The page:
Life of Working Women During Ramadhan

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Life of Working Women During Ramadhan

Mumina Bonaya
Mumina Bonaya. PHOTO | COURTESY 

For working Muslim women, Ramadhan is a time to strengthen their relationships with God, just like all Muslims, but they also have to tend to a house full of hungry people. It does get a bit hectic and tiring, because they have to devote time to making Iftar (the meal for breaking fast) and Suhoor (the pre-dawn meal) and still go to work.

Some Muslim households have had to re-negotiate how they distribute domestic work and encourage husbands and partners to help out. We spoke to three women on how they juggle work, prayers and meal preparations.

Programme development consultant at Adaptation Consortium

Mumina who has a daughter who is under five years old says that her work expectations are not lowered during Ramadhan. She is expected to deliver the same way she does throughout the year.

“There is no slowing down because you’re fasting, you are expected to deliver what you signed up for,” she says.

Mumina says that she keeps the same energy levels throughout her meetings and she often misses out in the preparation of Iftar because she is working.

“I would love to oversee the preparation of Iftar meals at home every day but sometimes the meetings at work are delayed and I do not make it on time,” she says.

She says that since Ramadhan is a time to work on her relationship with God, it is crucial that she makes it for evening prayers at the mosque.

“The last 10 days are coming and that means that I have to make it to the night prayers {3am to 4.30am} if I want to make the most gains from Ramadhan. But that does not mean I can show up to work late or tired,” she says.

Mumina adds that Ramadhan is the most beautiful time in the Islamic calendar and she pushes herself because the gains are far greater than any other.

CEO of Sisters with a Mission, an organisation that does medical camps



Fauzia Ali. NMG PHOTO

Fauzia Ali. NMG PHOTO

Fauzia who has six children and adopted four others says that her work with a charity organisation remains her main priority during the month of Ramadhan.

“I am grateful to God how easy everything falls into place during this holy month. We plan early and ensure that everything is well taken care of in as far as the charity organisation goes,” she says.

With her older children in college and some in boarding schools, she says it is a little easier to handle all her duties with the little ones around since they already have a routine to follow.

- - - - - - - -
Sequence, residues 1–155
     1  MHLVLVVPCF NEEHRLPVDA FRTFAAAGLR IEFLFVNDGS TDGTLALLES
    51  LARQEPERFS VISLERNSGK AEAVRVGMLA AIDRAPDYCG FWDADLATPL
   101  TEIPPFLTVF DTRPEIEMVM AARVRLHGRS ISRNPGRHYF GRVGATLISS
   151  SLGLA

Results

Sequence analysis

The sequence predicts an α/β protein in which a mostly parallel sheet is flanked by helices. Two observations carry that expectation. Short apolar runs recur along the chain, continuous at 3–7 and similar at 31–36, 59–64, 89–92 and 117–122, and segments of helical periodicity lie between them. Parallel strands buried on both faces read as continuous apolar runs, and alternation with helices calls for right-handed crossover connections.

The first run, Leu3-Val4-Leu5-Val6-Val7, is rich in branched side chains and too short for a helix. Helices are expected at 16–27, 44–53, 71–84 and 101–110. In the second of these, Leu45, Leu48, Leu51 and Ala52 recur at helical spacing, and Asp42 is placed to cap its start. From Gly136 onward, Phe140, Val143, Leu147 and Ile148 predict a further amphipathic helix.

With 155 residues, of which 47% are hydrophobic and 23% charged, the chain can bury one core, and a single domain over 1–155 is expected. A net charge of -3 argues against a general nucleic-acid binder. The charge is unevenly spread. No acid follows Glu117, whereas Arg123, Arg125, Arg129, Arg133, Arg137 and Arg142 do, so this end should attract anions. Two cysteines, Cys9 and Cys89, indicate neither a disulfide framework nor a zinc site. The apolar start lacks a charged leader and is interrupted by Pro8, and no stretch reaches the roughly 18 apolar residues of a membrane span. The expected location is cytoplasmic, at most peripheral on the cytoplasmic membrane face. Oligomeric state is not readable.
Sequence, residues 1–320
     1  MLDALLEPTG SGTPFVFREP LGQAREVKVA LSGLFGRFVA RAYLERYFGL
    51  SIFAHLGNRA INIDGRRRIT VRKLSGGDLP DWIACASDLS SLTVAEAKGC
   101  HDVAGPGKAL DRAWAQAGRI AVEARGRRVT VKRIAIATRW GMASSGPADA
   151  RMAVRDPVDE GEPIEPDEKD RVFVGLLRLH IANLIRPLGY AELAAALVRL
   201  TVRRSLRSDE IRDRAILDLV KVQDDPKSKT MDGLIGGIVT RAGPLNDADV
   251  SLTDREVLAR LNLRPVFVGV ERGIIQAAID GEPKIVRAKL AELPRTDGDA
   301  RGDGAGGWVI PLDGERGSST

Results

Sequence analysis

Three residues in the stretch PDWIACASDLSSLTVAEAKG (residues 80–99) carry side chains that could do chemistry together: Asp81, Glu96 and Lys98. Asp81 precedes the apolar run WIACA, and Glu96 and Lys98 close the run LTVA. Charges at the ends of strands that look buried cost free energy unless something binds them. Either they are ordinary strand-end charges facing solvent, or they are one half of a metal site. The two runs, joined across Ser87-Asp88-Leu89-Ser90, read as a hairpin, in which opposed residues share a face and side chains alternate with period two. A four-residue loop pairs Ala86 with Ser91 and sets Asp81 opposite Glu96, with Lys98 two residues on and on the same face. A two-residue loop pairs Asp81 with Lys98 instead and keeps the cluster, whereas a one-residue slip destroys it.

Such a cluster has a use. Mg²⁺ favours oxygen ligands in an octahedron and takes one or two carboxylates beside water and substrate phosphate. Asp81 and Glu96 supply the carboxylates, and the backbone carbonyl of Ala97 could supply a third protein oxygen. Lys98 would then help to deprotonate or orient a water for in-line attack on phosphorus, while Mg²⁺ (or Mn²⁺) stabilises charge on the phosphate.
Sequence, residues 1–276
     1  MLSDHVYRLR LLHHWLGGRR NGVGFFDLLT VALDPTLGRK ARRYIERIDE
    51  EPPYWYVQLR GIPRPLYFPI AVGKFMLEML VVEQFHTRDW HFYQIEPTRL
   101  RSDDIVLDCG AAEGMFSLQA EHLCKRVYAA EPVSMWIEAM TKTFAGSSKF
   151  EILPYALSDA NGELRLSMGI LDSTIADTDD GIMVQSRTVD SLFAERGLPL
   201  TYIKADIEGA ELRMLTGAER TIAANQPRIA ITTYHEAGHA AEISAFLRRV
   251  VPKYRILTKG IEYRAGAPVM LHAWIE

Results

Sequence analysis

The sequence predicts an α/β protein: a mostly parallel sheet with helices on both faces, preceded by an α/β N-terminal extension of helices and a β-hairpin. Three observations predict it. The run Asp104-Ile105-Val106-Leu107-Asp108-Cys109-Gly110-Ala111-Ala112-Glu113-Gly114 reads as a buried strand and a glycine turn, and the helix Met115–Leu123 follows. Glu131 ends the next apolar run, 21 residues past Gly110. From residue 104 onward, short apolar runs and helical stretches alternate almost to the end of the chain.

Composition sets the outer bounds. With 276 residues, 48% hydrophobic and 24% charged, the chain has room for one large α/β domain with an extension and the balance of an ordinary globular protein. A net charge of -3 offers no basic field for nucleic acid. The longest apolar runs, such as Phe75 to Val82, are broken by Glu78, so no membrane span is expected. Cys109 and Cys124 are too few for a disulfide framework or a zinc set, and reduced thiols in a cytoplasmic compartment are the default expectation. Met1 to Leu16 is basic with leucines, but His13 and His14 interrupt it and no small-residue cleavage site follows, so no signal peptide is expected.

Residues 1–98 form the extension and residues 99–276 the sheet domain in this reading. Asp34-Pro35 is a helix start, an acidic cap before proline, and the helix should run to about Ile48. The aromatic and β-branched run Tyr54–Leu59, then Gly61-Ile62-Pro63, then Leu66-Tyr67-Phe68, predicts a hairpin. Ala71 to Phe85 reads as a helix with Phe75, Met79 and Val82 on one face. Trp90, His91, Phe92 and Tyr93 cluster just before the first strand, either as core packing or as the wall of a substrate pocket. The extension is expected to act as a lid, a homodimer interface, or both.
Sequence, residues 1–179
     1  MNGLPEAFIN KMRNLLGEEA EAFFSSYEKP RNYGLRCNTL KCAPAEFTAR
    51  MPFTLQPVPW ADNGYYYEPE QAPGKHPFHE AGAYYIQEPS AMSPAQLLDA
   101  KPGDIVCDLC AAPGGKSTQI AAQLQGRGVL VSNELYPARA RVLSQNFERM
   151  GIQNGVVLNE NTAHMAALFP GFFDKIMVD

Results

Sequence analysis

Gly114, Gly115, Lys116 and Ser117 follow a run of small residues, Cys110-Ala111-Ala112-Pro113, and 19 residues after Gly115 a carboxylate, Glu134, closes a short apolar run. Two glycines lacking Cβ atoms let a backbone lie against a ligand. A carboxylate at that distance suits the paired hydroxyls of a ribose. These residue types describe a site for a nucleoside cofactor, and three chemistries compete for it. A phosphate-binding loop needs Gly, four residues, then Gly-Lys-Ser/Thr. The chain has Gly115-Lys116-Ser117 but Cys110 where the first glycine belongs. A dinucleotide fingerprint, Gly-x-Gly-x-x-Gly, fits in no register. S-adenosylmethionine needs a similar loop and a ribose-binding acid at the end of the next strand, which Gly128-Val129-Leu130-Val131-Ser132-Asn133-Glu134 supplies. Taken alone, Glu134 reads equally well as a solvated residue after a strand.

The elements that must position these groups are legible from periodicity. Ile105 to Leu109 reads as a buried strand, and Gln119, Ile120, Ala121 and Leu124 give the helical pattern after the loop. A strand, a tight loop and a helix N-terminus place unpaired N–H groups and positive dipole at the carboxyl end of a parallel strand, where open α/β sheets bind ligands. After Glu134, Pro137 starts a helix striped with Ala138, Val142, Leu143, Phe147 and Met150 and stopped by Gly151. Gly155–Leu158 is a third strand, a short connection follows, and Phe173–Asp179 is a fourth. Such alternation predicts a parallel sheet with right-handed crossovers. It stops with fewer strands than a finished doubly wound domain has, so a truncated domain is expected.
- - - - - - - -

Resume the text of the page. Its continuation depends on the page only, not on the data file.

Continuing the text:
“They prepare for school, come home and do their homework, clean up after school… so by Allah’s grace I am able to do everything just as usual,” she says.

At home, Fauzia says she ensures that she does not cook anything out of their normal meals because she would not want any food to go to waste.

“There so many people who are in need and I make sure that the meals are just what we usually eat. On other days, we might cook bhajia as an addition but that is it. In fact, I do not shop extra during the month of Ramadhan,” she says.

Fauzia adds that while she does have a househelp who makes her work easier around the house, she takes it upon herself to wake all her children up for Suhoor and ensure that they are well fed and ready for the next day’s fast.

“We eat as a family and go for the night prayers together, I also wake them up and check on them before I do my pre-dawn prayers. I enjoy every moment of this month,” she says.

Founder of Orian Outreach and is currently pursuing a Master’s degree in Diplomacy and International Relations

Aminamuna Mohamed

Aminamuna Mohamed. NMG PHOTO

Aminamuna’s plate may be full but she says proper planning before the holy month began has enabled her to fully focus on reflection and purification. Instead of shopping on a weekly basis, she says she prioritised her Ramadhan shopping three days before the holy month began.

“This has helped me and in case we run out of small items like milk my cousins can easily do the light shopping,” she says.

She adds that as much as Ramadhan is about fasting, prayer, and zakat (charity), it is also about reconnecting with God and getting clear about your life.

“Often times, when we’re caught up in our thoughts, distracted by worry or fear, or stuck going through the motions, we can lose focus in our mission and if we’re not careful ourselves,” she says.

Aminamuna’s schedule is the typical 8am to 5pm and her cousins help me out with Suhoor and Iftar meal duties.

“During the weekends, I am able to reconfigure my schedule and prepare Iftar and Suhoor for my family, neighbours and friends,” she says.

Given the help she receives from her relatives, Aminamuna, says her work-life runs smoothly.

“I am very passionate about my work and my calendar is not something that stresses me out when I look at it. Each new day is an exciting adventure,” she says.

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